Don Ingabire (L), 16 and Audrey Mwamikazi, 17, members of a teenage robotics team from the African nation of Burundi, who were reported missing after taking part in an worldwide competition and later spotted crossing the United States border into Canada, are seen in pictures released by the Metropolitan Police Department in Washington, D.C., U.S. July 20, 2017.
But the circumstances surrounding their disappearance suggest that at least some may have left the competition venue seeking to stay in North America.
They were reported missing on Tuesday, the same day as the event's closing ceremony.
"The four others also are believed to be in safe hands", the Post reported, "but authorities declined to provide further details".
Two of the teens - 16-year-old Don Ingabire and 17-year-old Audrey Mwamikazi - were last seen leaving the USA into Canada, the Metropolitan Police Department tells The Two-Way, adding that there is "no indication of foul play". In their reports, D.C. Police say the teens all have one-year visas.
FIRST Global is run by Joe Sestak, a former Navy admiral and congressman, who called police after receiving word the team had gone missing.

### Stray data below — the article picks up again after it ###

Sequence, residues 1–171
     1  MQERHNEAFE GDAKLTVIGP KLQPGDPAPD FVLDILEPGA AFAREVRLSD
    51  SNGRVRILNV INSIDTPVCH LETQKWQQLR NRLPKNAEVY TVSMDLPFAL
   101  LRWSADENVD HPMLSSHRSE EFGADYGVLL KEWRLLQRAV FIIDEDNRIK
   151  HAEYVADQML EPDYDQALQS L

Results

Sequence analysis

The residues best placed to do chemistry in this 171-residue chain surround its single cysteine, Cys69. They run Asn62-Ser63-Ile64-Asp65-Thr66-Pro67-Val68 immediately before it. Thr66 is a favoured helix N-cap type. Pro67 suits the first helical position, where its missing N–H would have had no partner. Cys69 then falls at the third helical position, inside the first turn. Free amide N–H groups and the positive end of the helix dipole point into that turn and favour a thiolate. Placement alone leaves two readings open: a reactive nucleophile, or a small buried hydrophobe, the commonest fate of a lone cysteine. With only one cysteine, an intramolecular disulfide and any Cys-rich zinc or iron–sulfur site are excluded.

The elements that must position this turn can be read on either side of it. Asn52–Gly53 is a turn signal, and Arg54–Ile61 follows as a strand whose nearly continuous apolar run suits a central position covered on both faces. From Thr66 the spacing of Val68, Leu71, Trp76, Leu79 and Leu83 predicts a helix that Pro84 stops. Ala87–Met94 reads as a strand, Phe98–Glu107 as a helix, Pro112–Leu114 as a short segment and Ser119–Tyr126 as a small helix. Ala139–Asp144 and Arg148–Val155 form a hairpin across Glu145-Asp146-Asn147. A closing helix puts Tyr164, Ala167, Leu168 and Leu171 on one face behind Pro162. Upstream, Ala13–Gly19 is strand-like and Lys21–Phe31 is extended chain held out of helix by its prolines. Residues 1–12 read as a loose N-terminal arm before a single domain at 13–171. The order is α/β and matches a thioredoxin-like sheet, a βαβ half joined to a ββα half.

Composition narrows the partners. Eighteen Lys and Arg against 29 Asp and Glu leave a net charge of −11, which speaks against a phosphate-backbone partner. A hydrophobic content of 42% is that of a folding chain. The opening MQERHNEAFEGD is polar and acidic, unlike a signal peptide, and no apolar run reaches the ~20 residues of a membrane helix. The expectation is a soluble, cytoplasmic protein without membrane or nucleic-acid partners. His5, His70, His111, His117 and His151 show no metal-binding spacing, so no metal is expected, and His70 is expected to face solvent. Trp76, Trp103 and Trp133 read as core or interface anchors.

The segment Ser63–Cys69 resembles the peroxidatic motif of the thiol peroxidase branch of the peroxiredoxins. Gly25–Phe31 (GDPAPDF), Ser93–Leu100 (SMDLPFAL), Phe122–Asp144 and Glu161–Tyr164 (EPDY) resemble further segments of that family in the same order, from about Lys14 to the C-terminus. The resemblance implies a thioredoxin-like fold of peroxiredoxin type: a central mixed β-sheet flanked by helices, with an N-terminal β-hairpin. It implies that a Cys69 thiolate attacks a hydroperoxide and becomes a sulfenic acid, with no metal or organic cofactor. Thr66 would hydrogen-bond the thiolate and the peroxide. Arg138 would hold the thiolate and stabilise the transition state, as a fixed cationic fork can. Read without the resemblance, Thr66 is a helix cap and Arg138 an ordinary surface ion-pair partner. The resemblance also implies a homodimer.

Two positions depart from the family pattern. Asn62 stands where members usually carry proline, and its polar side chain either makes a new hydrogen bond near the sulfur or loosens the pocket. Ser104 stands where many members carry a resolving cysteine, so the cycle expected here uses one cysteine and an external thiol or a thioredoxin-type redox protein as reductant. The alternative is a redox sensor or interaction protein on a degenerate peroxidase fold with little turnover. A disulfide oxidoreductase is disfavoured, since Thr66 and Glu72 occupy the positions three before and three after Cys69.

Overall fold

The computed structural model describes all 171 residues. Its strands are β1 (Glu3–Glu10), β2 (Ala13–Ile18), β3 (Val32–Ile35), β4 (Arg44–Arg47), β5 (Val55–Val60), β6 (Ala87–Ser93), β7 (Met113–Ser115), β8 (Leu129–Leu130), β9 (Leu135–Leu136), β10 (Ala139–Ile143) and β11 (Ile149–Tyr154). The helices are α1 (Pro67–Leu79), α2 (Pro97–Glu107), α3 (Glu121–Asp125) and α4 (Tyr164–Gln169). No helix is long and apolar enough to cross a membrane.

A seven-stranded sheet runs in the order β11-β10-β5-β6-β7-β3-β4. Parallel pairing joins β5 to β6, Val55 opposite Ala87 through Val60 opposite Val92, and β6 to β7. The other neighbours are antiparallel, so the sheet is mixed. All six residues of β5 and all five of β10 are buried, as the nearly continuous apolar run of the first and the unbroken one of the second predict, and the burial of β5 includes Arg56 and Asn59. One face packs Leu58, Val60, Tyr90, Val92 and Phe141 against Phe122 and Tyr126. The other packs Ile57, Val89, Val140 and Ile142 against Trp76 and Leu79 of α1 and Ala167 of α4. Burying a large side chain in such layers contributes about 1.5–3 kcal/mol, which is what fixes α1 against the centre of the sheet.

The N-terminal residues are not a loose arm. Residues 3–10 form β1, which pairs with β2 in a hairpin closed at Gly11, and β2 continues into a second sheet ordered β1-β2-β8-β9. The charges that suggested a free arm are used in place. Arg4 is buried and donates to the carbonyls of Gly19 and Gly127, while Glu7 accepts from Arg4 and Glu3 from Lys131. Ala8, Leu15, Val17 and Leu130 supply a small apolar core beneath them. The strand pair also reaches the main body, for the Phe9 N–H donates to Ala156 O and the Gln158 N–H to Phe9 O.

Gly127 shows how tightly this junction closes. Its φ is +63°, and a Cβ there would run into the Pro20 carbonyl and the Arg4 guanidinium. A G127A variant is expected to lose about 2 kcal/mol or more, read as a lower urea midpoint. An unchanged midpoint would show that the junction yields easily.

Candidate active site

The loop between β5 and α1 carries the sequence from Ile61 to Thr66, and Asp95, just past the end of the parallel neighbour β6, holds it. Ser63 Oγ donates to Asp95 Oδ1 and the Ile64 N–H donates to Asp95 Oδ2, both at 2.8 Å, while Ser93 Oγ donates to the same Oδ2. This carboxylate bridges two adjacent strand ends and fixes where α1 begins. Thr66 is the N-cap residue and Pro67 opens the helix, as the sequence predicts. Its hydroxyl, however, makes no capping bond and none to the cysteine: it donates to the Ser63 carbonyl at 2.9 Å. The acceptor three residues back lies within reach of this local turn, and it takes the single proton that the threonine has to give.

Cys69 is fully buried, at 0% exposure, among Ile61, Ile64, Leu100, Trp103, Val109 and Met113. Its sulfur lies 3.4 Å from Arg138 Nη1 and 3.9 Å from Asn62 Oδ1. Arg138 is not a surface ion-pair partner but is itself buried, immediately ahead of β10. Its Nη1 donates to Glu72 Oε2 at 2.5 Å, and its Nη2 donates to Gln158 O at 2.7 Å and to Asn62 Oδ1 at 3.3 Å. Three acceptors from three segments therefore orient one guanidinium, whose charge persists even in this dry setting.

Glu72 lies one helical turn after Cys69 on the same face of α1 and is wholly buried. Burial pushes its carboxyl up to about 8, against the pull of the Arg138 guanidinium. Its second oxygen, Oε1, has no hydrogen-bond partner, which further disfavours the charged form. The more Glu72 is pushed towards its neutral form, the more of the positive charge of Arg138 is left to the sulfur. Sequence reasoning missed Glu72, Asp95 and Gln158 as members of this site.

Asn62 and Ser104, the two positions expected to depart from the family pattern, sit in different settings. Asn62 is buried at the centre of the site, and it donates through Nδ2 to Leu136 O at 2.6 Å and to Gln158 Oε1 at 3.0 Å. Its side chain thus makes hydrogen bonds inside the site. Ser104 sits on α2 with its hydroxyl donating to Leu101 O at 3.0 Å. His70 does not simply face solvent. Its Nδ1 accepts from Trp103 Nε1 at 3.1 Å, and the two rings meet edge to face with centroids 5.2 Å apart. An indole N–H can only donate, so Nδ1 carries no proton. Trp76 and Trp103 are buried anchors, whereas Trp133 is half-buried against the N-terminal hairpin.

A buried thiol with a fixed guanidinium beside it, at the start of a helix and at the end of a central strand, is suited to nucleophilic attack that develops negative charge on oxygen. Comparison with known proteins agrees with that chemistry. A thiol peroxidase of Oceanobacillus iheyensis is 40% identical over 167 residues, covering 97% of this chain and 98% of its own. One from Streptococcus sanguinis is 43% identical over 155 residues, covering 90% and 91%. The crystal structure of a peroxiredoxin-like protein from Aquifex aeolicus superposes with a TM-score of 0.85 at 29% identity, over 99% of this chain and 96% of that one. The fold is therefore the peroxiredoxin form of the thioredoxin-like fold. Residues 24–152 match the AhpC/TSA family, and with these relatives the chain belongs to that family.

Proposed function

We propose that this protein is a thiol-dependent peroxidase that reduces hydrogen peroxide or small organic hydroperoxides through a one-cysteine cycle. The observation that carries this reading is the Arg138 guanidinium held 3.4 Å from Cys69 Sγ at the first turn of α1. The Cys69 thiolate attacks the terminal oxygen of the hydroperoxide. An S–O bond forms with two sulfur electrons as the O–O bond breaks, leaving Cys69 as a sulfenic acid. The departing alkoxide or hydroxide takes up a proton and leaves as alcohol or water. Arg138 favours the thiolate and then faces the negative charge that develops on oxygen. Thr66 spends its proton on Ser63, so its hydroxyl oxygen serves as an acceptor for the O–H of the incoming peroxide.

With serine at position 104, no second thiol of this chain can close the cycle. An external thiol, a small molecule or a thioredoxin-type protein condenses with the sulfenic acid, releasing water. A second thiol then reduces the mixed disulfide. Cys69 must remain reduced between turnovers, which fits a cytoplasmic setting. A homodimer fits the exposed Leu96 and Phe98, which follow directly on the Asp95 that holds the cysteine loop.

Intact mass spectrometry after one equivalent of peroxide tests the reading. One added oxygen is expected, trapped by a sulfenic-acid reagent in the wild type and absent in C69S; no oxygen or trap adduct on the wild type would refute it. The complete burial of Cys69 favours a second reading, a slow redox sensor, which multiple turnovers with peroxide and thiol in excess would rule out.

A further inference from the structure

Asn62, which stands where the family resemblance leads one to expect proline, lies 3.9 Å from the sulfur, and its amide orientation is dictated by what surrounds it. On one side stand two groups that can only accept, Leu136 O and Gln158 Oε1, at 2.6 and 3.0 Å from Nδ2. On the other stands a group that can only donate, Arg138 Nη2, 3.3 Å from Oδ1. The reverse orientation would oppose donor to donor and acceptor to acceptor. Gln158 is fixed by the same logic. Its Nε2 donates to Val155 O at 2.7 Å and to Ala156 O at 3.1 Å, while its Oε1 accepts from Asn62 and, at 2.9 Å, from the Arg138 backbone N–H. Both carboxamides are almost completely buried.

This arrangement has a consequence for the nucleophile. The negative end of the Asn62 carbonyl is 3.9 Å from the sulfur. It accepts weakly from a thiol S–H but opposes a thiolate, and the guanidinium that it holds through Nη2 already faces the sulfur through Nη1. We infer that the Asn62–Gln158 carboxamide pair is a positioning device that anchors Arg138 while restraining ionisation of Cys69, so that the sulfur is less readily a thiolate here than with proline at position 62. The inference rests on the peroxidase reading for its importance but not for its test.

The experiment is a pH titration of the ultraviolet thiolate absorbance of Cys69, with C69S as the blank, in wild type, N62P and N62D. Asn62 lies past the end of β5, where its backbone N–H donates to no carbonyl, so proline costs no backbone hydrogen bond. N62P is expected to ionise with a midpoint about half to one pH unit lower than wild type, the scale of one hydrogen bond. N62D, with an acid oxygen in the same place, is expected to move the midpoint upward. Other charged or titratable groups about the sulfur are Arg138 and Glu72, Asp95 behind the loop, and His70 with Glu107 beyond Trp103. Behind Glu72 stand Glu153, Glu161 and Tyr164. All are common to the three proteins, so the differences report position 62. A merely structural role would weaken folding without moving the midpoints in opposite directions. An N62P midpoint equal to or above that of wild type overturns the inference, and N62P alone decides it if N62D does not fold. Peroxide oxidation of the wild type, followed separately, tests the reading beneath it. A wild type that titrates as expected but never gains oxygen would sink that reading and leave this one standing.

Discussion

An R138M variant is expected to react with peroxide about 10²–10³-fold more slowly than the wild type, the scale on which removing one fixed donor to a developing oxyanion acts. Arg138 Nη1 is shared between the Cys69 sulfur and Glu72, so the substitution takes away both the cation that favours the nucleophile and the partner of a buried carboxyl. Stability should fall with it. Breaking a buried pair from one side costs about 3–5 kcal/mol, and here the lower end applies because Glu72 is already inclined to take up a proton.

A spokesman for the group, Jose Escotto, said on Thursday that he could not confirm that authorities had located the teens. Burundi Embassy officials in Washington also had no other information though they confirmed they were aware of the situation, according to the Washington Post. Following a controversial third term by President Pierre Nkurunziza, the country spiraled into chaos.
The U.S. State Department issued a travel warning in late June about the African nation, advising Americans of "political tensions, political and criminal violence, and the potential for civil unrest". "Rebel forces, ex-combatants and youth gangs have crossed into Burundi from the Democratic Republic of Congo and attacked and kidnapped civilians". "The country's once vibrant independent media and nongovernmental organizations have been decimated, and more than 400,000 people have fled the country".
Ann Pauley, a spokeswoman for the university, referred all questions to FIRST Global.
"First Local was fully responsible for supervision of the students", Pauley said Thursday.
The keys to the students' rooms at Trinity Washington University were left in the mentor's bag and their clothes had been taken from the rooms, the organization said.
However, it made the news earlier this month after a team of girls from Afghanistan were initially not allowed to attend the competition because of visa problems. Organizers had previously hosted domestic competitions, but this was the first worldwide event.